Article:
We drag the river for stuff you didn't know you were missing.

Backwash 

We drag the river for stuff you didn't know you were missing.

Take My Picture!

Threads
Off the rack and on the town.

Harpo's, 11 p.m. Tuesday

College girls in heels totter across the cobblestone patio while a frat pack mobs the bar, ordering trays full of Dixie-cup-sized beers. The Pitch's fashion expert, a straight guy named Bud, calls this a "cultural epicenter" -- the perfect place for straight-from-the-catalog sightings of his favorite trend: Paris Hilton skirts.

Contrary to popular belief, the miniskirt revival began last spring, well before the heiress-cum-starlet craze. "The shorter the better," Bud says, giving the garment an all-access pass for any casual or formal setting. "Miniskirts should be worn by people with nice legs and who are exceptionally good-looking," Bud says. He loves the badonkadonk factor: "It's that pop in your step, a little strut. That bam, check out my ass."

Near the bar, a long-legged blonde, Audrey, and a shorter brunette, Pristine, both grad students at KU, are wearing similar white thigh-huggers. Audrey wears the standard flat-front, fringed-hem skirt, whereas Pristine's has a drawstring and ruffles. Another friend, Natalie, wears her white mini pressed and pleated. Emily's is black with pinstripes.

"I like to call it a belt," Pristine says of her skirt, noting that she learned the phrase while being heckled by a punk in Westport.

Bud wonders how short is too short. One of the women points out a blonde in teal with a butt-cheek hemline, leaning on the bar counter.

"Like when you can see your ass," Audrey says.

"When you sit down and your ass is touching your seat," Pristine says.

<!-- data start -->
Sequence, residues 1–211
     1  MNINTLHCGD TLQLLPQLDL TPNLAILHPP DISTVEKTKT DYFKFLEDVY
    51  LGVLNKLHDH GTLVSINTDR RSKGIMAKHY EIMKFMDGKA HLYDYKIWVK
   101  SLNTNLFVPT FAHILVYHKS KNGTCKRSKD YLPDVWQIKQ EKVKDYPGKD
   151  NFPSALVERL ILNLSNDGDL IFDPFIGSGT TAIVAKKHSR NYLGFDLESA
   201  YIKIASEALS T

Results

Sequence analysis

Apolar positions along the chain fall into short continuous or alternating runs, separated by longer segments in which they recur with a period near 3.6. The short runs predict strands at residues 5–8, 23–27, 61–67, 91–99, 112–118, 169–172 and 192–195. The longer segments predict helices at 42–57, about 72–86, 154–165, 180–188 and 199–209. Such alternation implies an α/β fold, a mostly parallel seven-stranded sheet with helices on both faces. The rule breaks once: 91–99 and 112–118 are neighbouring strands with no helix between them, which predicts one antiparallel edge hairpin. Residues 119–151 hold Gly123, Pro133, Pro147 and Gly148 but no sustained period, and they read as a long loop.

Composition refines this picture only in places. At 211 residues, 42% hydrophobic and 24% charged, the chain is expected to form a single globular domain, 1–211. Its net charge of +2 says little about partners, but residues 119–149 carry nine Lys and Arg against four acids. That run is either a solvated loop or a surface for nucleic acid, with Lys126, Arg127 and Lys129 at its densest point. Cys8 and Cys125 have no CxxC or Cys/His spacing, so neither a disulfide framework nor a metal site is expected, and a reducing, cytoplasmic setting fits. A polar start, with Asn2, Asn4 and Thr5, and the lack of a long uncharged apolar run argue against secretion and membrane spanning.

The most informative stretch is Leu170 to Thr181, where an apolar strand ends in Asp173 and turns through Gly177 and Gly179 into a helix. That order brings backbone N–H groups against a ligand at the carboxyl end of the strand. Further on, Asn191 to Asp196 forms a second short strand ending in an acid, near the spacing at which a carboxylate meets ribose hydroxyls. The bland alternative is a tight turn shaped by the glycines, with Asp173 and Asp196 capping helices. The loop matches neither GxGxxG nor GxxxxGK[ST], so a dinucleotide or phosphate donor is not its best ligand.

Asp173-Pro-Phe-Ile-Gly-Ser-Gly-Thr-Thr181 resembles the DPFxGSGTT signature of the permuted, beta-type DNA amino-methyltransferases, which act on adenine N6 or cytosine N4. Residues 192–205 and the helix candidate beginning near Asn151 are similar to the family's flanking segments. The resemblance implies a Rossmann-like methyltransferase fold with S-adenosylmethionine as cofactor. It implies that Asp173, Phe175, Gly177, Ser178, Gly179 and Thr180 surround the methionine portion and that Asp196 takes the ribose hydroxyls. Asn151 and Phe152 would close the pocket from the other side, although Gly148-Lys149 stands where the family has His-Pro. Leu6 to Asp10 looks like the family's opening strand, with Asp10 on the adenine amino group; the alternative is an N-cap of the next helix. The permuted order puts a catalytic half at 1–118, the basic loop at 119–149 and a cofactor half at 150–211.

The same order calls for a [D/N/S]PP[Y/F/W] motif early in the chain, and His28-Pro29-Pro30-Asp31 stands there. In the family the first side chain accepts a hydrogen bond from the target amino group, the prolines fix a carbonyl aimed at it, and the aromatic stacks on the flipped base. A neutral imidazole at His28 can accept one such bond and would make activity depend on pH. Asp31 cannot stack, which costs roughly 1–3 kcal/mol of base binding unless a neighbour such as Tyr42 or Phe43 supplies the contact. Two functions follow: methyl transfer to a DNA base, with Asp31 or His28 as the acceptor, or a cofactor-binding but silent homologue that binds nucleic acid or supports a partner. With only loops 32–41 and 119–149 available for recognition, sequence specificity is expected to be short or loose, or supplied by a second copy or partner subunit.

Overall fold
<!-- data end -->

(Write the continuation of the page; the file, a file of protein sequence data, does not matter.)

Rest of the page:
"If you can't bend down. If you are showing cheek. If you feel a breeze or feel exposed," Natalie says.

"The shorter the skirt, I won't wear a thong, just in case," Pristine adds. Then she reveals the mini's unwritten rule: "The less conservative the skirt, the more conservative the underwear."

They want to know who's skirt is the best. The diplomatic Bud assigns each a category. Audrey's, short and tight, is the Cheerleader. Pristine's, short with ruffles, is the Beach Betty. Natalie's, pressed and pleated, is the Sexy 9-to-5er. Emily's, black with pinstripes, is --

"The hot librarian!" interrupts Audrey.

Come winter, the women say, minis will be shelved until warmer weather. Away from the group, however, Bud predicts that the skirts will be big this winter, too: "In the winter, you can throw on some hose and furry boots, then skip your happy ass down to the bar and get plowed," he says.

Later, Pristine sends the Pitch an e-mail. I take it back, she writes. It is NEVER too cold to wear -- I forgot that when it is freezing out it can still be worn with some sexy tall boots (I love that look!).

Net Prophet
Notes from KC's blogosphere.

Does anyone else know how maddening it is to be very liberal-minded, while your parents are ultra conservative? And to embarrass them with your heartfelt letters to the editor and your term papers and your boyfriends?

Do you also know how weird it is, later, to have your politics turned upside down? And all the while watching your parents turn into new age, bleeding heart liberals? Probably all because of you! Isn't that awkward?

It's awkward for them, too. Now dad cuts off every argument with, "Hey, have I shown you the new ground cover I put in?"

Thank God for ground cover.

From “Filegirl,” the online diary of Kristine Smith

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